With the recent focus on car prices and dealer profit margins, we thought we'd look at some examples from the bottom and top ends of the new-car market — and were shocked by what we found.
Would you believe there is a profit of just $290 in one popular small car that is selling for $23,990 drive-away? The profit increases to a giddy $430 if the buyer goes for metallic paint.
In another example, the profit is $200 after all hidden bonuses on a particular $19,990 drive-away sedan or hatch.
This is a far cry from the amount of wriggle room most people figure is in a price.
Barely 5 per cent of a dealer's profit comes from new car sales
Most small cars are lucky to have $1200 left in them for the dealer to keep staff employed and turn on the lights.
Analysis from Deloitte tells the full story.
On average, barely 5 per cent of a dealer's profit comes from new car sales. The majority (about 50 per cent) comes from parts and service, while the remainder comes from finance and insurance (30 per cent) and the balance is from used cars (15 per cent).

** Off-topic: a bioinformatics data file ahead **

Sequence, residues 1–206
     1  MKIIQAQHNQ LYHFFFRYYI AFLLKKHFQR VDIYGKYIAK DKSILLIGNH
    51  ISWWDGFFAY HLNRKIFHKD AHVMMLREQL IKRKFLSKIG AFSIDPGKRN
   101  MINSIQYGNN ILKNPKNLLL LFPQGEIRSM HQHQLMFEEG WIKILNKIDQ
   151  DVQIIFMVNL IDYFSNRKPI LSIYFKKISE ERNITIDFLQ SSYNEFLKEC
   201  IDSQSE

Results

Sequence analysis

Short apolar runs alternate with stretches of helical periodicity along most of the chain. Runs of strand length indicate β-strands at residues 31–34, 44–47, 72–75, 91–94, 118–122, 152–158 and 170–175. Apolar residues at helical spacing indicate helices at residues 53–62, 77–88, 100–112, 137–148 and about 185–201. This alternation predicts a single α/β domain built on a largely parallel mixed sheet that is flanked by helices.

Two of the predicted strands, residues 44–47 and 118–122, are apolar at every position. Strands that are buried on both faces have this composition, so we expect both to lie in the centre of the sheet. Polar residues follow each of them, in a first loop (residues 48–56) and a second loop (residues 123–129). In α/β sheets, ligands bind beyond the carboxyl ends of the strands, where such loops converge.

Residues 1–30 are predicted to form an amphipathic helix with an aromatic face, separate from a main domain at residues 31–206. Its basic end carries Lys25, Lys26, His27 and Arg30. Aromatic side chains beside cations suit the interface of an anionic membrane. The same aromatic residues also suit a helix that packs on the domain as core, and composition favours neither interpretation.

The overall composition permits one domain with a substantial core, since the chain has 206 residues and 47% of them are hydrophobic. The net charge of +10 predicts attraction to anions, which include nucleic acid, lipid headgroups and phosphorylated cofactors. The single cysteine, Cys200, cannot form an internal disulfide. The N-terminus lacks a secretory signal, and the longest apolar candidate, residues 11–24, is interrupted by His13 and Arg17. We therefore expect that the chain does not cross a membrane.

That's right: dealers make more from your trade-in than on the new car they are selling.
The art of haggling will never go away
But the art of haggling will never go away because, unlike the US where average transaction prices are published online, buyers here don't know where the bottom line is.
For example, a discount of about $20,000 is possible on one unpopular luxury four-wheel-drive wagon — but only if you approach a dealer who signed up for the manufacturer's scheme to take another identical one as soon as each example sells off the floor.
The lesson from this story? At the cheap end of the car market the dealer is probably not fibbing if he or she can't afford to throw in free floor mats.
But at the dearer end of the market there is definitely some wriggle room, especially if it's not a popular model.